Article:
How to create a ‘good’ infographic (+FREE template)

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A group of people working on their laptops at a table, creating a 'good' infographic using a free template.

Following a conversation with a client about why we felt we had to rewrite and restructure the content that they’d sent us for an infographic design, we thought we’d share our knowledge about what makes a good, and therefore effective, infographic structure.
We’ve also put together a handy FREE INFOGRAPHIC TEMPLATE to help you plan and make the best use of your content when creating infographic designs.

What makes a good infographic?

Creating an effective infographic that drives results and hits targets isn’t just about the quality of the data or a crazy-cool design – on their own they’re not enough. Good infographic design is a unique mix of creativity, structure and psychology; all the way from planning the content to communicating it.

“Good infographic design is a unique mix of creativity, structure and psychology; all the way from planning the content to communicating it.”

Portfolio, infographics.
Over the past few years our team has directed, designed or produced over 1,000 infographics across a huge range of industries and topics. In that time, we’ve worked closely with outreach and PR teams to refine and improve the effectiveness of our infographic design in order to produce the results our clients required.
Here are our three key elements to creating the ideal infographic:

1. Make it useful
2. Make it accurate
3. Make it engaging

1. Make it useful

We mainly work with B2B information, most often derived from new research which generates fresh data and insights. This is then underpinned and corroborated by wider research using primary sources.
The purposes of these infographics are:

  • to raise awareness of the new research
  • to be shared among the target communities and generate engagement and discussion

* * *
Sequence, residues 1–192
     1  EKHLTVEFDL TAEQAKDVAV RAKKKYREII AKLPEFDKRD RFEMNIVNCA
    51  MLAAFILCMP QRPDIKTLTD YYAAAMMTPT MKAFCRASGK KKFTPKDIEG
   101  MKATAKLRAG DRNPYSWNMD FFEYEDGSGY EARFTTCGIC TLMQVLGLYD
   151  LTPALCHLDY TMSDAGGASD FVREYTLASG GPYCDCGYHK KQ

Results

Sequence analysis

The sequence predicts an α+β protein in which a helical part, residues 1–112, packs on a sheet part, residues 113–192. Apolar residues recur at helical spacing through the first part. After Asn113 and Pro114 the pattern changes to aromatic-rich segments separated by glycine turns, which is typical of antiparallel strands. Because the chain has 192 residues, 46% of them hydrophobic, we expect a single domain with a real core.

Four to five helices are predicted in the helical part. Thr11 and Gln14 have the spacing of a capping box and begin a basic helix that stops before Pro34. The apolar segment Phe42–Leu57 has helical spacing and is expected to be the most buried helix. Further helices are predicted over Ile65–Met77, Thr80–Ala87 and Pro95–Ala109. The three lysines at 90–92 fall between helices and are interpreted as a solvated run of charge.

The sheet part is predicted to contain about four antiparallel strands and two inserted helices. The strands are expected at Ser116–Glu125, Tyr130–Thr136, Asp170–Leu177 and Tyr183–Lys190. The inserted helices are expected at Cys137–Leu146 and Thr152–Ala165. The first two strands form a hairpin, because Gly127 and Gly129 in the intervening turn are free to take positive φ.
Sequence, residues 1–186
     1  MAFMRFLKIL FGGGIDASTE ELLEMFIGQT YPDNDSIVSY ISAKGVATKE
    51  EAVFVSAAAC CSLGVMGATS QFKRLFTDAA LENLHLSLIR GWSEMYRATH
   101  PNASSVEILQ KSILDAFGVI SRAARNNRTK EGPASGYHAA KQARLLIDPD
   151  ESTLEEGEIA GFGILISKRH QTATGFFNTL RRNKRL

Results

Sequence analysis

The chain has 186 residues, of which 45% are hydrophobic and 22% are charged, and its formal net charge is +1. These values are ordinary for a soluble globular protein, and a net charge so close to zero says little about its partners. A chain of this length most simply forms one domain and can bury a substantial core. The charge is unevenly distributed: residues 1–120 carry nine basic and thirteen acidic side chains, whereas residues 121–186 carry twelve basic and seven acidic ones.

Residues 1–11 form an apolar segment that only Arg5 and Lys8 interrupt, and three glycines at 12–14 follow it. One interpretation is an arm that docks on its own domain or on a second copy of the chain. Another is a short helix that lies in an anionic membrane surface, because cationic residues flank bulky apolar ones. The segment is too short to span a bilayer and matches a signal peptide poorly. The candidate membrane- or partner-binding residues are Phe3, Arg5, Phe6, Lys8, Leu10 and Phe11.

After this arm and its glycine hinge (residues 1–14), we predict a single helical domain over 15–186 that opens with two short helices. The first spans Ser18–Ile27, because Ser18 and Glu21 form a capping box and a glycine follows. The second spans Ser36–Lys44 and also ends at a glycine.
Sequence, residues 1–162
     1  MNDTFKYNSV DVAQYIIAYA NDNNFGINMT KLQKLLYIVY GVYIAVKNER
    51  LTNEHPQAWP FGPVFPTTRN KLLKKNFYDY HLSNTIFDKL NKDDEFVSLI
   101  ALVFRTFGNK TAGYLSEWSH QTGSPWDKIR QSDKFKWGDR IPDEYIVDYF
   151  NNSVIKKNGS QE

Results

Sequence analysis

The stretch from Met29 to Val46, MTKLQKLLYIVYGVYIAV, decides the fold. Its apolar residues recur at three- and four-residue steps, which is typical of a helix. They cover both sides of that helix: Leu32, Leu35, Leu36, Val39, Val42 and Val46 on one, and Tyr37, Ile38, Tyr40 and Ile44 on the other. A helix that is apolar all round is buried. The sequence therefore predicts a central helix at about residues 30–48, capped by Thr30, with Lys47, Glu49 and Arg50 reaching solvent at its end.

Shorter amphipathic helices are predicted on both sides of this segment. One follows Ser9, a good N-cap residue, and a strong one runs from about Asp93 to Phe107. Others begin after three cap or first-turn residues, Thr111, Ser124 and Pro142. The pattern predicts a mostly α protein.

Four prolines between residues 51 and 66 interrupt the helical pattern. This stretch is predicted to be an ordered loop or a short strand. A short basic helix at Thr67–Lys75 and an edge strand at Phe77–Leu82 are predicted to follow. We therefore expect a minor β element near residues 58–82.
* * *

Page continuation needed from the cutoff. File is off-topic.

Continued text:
• to position the client as an expert in their field

A woman showcases her portfolio using a tablet.
In order to fulfil these purposes, the infographic design needs to be useful. The more useful it is, the more value it will provide to readers and the more it will be shared. And the more it is shared, the more attention it will receive.
The most effective narrative for these kinds of research-driven, business-oriented infographics is what we call the ‘what-why-how’ approach:

What State the problem/scenario/concept, support with key facts
Why Tell the reader why it’s important and set out the benefits they could receive if following the recommendations
How Propose solutions as to how the issue or concept can be managed, improved or eradicated

This structure follows the AIDA model for content marketing – Awareness, Interest, Desire, Action – where the best way to create good i.e. shareable, content is to give something of value to your audience. In other words, you are educating the reader and also providing solutions for their problem.
The more ‘how’ you can provide then the more value you’re giving to the reader (for free!) and potentially the more shares and higher levels of engagement.

2. Make it accurate

In order to create a good infographic design, the data needs to be true and accurate. We check, double-check, and then check our work again to make sure the data and the conclusions drawn from it are correct.

A portfolio of business cards showcasing graphs and charts.

But it’s not just the figures themselves that need to be accurate. Depending on the data, the way it is shown needs to be appropriate too. Something as simple as using the wrong kind of chart to show key data points could affect your readers’ perception of your expertise.
Which links into our final point…

3. Make it visually engaging

Visually engaging doesn’t necessarily mean a fancy design. Rather, it means the correct design choices in relation to:

  • the target audience
  • the subject matter
  • the presentation of data

Imagine how different a scientific research infographic would look compared to a technology or sports-based piece – the audiences, content, types of data, and overall purpose of each would be very different so its design should be too.
A good place to start is to research the kinds of information and visual styles the audience are already sharing and engaging with.
Hopefully this has given you some ideas for starting your infographic. To make it even easier, we’ve put together a handy template incorporating all of these ideas that you can use for your brainstorming.


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